From The Web

Jim Furyk Answers Your Questions

Jim Furyk, GOLF Magazine Interview
Getty Images
Make a shallow path to hit chips that bite.
What's the craziest item of clothing you own?
Jim Macleod, 44, Kansas City, Mo.

A T-shirt that I got at a Pittsburgh Steelers game. I can't say in the magazine what it says, but it's not real fond of Cleveland or Baltimore.

What's the most amazing thing you've ever seen on a golf course?
Mark Lewis, 41, Seattle, Wash.

Back-to-back aces at the CVS. I was standing on the tee with Scott McCarron and Lee Janzen, my partner. My partner made it first, then McCarron topped him the next shot. It was amazing!

Jim, you're a secret agent; who would be your femme fatale, and no fair saying your wife?
Joe Geary, 59, Coral Gables, Fla.

You're trying to get me in trouble, aren't you? I'll go with Jessica Alba.

Jim, wouldn't it be fun if the crowd cheered like crazy at golf tournaments the way they do at football games?
Kevin McCarthy, 24, West Hartford, Conn.

Uhhh, no.

Jim, I need a slice cure. Any help?
Josh Burnsen, 20, Iowa City, Iowa

Sure. Don't aim left. That just makes you slice more. Try this on the practice tee. First, take your normal stance, but flare your right foot so that the toes are pointing in the exact opposite direction of the target. This makes you make a good turn going back, and it limits your turn on the downswing, so you have to release the club coming through.

How do you hit those cool little chips that bounce twice and then bite hard?
Craig Musch, 35, Toledo, Ohio

To spin those 20- to 50-yard shots, you need the right equipment. First, you need a soft ball. I play Srixon's Z-URC, the ball that spins the most in the Srixon line. Also, you need a good wedge, preferably new, with sharp grooves. My grooves are milled. Milled grooves will spin more because they're sharper. You don't need to pick the club up and hit steeply down. When you do that, you usually come from the outside, hooding the club, which delofts it and makes it hard to spin. You need a very shallow swing angle that comes from the inside, and you need to take a shallow divot. Watch the pros — you'll see that they just clip the grass. And the more clubhead speed you generate, the more spin you get. You can get away with more clubhead speed the more loft you have. Try opening your 60-degree wedge to about 65 degrees, use a shallow path that just clips the grass, and take a short swing with lots of clubhead speed to really make it dance!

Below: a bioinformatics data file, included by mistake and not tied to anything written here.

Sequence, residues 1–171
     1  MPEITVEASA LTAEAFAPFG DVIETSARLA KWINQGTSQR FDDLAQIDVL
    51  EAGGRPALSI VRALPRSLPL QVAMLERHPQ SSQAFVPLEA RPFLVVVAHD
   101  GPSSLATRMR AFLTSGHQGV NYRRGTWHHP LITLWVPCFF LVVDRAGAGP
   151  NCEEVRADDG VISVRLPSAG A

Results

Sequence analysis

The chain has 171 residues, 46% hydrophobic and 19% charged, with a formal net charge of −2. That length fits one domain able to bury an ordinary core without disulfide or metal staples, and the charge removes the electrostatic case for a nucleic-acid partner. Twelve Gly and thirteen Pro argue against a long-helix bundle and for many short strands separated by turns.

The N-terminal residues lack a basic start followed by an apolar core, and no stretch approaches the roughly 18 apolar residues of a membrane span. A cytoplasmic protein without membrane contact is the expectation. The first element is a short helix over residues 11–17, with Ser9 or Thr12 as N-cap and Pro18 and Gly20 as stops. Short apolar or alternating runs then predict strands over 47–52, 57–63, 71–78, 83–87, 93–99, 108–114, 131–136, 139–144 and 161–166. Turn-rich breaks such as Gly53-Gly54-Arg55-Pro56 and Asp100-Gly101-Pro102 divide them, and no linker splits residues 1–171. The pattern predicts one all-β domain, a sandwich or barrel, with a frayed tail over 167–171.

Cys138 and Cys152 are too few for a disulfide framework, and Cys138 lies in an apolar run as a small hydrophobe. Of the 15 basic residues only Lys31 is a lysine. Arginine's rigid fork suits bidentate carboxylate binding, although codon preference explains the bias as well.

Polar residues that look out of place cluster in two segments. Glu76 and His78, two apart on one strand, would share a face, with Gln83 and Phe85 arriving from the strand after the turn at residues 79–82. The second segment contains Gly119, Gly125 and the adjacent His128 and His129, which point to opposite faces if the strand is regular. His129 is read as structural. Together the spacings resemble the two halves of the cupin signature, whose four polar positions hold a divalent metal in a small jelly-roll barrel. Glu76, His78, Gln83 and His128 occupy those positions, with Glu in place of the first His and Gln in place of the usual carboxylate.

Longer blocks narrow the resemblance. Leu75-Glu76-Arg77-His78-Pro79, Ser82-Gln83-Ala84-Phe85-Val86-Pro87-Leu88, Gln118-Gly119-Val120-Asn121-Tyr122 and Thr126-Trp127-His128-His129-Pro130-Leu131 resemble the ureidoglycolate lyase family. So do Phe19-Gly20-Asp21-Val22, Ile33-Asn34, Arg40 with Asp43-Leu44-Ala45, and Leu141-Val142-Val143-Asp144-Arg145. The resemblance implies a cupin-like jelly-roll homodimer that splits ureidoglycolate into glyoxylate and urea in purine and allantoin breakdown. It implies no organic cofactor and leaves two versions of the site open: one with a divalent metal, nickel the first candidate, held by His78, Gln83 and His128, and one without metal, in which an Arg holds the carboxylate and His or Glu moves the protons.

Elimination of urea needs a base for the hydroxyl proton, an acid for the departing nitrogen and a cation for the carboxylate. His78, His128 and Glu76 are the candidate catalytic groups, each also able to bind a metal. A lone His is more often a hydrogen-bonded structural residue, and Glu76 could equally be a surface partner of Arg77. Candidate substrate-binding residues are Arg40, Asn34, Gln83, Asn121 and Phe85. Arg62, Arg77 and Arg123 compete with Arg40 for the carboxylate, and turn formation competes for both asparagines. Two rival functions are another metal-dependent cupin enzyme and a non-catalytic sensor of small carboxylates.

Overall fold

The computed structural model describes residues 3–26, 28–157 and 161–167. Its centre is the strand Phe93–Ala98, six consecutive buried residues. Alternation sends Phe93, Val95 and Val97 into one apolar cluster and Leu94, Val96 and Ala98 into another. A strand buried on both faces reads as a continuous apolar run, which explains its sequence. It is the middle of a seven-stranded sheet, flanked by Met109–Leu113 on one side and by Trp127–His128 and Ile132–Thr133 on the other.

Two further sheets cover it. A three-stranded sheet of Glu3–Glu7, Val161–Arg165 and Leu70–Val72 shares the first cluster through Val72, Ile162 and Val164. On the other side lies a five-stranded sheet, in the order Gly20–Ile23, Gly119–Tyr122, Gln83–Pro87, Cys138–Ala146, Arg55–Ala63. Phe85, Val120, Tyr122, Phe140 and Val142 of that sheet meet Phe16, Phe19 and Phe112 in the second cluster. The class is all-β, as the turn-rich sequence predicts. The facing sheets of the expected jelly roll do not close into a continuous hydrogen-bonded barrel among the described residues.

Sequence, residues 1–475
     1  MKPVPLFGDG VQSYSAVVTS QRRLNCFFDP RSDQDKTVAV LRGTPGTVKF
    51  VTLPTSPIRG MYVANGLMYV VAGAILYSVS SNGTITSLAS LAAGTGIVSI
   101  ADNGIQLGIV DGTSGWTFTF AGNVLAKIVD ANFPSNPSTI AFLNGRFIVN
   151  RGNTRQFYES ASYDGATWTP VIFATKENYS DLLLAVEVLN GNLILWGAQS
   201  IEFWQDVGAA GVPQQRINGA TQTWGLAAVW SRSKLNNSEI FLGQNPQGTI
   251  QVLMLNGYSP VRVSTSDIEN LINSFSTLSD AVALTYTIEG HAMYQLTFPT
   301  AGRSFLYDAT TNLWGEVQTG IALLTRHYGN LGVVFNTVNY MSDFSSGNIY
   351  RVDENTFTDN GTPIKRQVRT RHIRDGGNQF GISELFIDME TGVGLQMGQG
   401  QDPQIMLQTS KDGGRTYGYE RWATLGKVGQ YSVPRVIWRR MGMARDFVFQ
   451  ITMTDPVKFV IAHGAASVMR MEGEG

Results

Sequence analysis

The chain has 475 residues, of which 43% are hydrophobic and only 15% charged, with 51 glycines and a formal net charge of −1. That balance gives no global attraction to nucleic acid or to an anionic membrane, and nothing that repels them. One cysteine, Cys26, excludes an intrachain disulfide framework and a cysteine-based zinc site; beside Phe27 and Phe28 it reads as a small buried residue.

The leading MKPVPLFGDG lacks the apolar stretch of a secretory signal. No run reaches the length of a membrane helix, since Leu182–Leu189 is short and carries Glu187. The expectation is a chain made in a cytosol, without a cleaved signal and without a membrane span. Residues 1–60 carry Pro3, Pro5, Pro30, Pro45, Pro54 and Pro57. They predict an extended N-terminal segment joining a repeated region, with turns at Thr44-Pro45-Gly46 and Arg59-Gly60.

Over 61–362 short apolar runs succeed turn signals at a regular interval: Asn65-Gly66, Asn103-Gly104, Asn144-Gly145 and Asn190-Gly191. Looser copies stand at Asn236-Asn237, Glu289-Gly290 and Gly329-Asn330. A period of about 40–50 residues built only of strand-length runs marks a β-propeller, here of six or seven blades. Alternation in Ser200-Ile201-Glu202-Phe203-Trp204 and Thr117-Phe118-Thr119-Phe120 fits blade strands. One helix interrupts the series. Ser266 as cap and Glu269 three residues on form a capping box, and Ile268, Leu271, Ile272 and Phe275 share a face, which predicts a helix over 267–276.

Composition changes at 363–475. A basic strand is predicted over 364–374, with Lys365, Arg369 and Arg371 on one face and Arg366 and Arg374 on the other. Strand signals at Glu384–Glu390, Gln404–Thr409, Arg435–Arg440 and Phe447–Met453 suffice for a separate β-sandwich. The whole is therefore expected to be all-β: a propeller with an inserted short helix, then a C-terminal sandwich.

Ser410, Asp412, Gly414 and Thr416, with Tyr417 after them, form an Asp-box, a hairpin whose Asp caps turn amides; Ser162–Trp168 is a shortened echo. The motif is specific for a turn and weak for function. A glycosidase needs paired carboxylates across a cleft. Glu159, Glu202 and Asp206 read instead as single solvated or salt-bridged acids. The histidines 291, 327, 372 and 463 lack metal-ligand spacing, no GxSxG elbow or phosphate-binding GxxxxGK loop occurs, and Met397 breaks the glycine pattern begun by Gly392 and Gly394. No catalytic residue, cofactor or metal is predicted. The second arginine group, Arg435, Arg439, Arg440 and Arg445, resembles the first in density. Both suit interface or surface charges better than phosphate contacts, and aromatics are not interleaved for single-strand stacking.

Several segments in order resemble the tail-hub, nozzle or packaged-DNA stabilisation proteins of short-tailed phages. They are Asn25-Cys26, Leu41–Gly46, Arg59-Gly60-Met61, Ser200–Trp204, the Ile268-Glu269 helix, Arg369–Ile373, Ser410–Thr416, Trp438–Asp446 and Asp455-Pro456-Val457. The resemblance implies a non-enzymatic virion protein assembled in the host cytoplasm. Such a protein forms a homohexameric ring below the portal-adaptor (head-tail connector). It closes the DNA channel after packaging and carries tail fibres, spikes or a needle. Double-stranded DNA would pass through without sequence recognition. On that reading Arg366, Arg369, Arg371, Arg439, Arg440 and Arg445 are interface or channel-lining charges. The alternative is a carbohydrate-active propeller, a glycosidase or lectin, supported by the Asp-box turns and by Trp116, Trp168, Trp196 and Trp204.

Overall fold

What's the secret to reading greens?
Jack Davis, 61, Naples, Fla.

You're looking for the slope, for where the high spots are. One trick is to use your imagination: Pretend that the green is a tabletop, and if you spill water on it, which way will the water run? Also, most everyday players only get a couple feet behind their ball to read putts. But I like to get a good 20 feet behind the ball, even for a 10-footer, to get a wider angle and to see the slope better. As for the grain, look for the shininess of the grass. Stand in the middle of the green and you'll notice that the grass is shiny going one way and dull the other way. The grass that is growing in the shiny direction will always be quicker.
PGA Tour News
Travel & Courses
Tips & Videos
The Shop
Equipment News & Reviews